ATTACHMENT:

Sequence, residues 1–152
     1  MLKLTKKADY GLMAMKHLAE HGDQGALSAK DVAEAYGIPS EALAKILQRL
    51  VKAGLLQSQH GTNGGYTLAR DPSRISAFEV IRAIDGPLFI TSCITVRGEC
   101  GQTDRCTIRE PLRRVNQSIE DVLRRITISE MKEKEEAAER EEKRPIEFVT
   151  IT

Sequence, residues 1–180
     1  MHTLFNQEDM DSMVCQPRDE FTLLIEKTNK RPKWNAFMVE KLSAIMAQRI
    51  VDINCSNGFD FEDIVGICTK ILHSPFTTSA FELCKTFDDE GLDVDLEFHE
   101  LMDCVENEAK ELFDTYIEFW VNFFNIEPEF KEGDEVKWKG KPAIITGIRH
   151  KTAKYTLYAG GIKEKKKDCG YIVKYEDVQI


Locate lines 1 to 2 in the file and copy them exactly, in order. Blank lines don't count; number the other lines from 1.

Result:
Sequence, residues 1–152
     1  MLKLTKKADY GLMAMKHLAE HGDQGALSAK DVAEAYGIPS EALAKILQRL